The largest remaining obstacle to more widespread use of the database is the need for familiarity with a statistical package. The IPUMS is an unprecedented resource for historical research, but relatively few historians are technically proficient at large-scale data analysis. Technology may again offer at least a partial solution. Programs such as SPSS for Windows are vastly easier to use than their predecessors, and we may reasonably expect continued improvement along these lines among all the statistical packages. In the meantime, economists and sociologists of a historical bent are likely to continue to outstrip historians in their use of the database.
There is a still larger potential audience of researchers wanting simple background statistics for largely non-quantitative applications: historians seeking context for local studies, teachers desiring descriptive numbers for lectures and discussion, and journalists seeking summary data addressing their shifting concerns. To some extent, these needs will increasingly be met through on-line data tabulation systems. The most impressive of these developed to date is Albert Anderson's Explore program, which performs tabulations on the largest IPUMS samples in only a few seconds.8 It is doubtful such systems can ever satisfy all the needs of sophisticated academic and public policy researchers, but they could suffice for many other applications.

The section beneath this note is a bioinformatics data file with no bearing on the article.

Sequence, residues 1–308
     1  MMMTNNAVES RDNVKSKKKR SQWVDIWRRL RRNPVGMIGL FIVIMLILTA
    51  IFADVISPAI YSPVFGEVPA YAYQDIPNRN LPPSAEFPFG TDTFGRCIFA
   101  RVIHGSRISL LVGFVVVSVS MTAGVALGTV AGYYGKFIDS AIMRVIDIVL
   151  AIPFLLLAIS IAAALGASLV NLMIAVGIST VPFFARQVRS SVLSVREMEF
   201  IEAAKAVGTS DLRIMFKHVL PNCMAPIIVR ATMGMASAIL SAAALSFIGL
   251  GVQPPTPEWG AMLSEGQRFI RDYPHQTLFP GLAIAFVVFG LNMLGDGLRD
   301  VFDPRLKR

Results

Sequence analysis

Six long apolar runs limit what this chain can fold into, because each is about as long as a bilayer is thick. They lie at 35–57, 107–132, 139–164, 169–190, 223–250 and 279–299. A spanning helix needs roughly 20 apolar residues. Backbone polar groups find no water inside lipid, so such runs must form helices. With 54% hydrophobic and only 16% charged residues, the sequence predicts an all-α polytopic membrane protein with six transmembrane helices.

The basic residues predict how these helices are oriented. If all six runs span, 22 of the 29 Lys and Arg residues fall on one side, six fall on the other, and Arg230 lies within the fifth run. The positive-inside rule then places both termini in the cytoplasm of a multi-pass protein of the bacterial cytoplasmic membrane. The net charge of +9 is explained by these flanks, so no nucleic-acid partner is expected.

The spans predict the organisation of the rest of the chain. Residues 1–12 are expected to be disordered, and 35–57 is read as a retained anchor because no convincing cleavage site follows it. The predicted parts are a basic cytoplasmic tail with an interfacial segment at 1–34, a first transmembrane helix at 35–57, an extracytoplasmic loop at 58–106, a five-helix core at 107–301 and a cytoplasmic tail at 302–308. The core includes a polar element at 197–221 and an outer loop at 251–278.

Finally, we should note two profound limitations of the existing data series. First, the most recent data is from 1990, and is therefore almost ten years old. Second, the IPUMS provides observations of the American population only at ten-year intervals. Because of these limitations the database cannot be used to study many of the most pressing issues in social and behavioral science, such as the impact of recent immigration or increasing married female workforce participation. We discuss the solution to these problems in the final section of this essay.
From IPUMS-95 to IPUMS-2000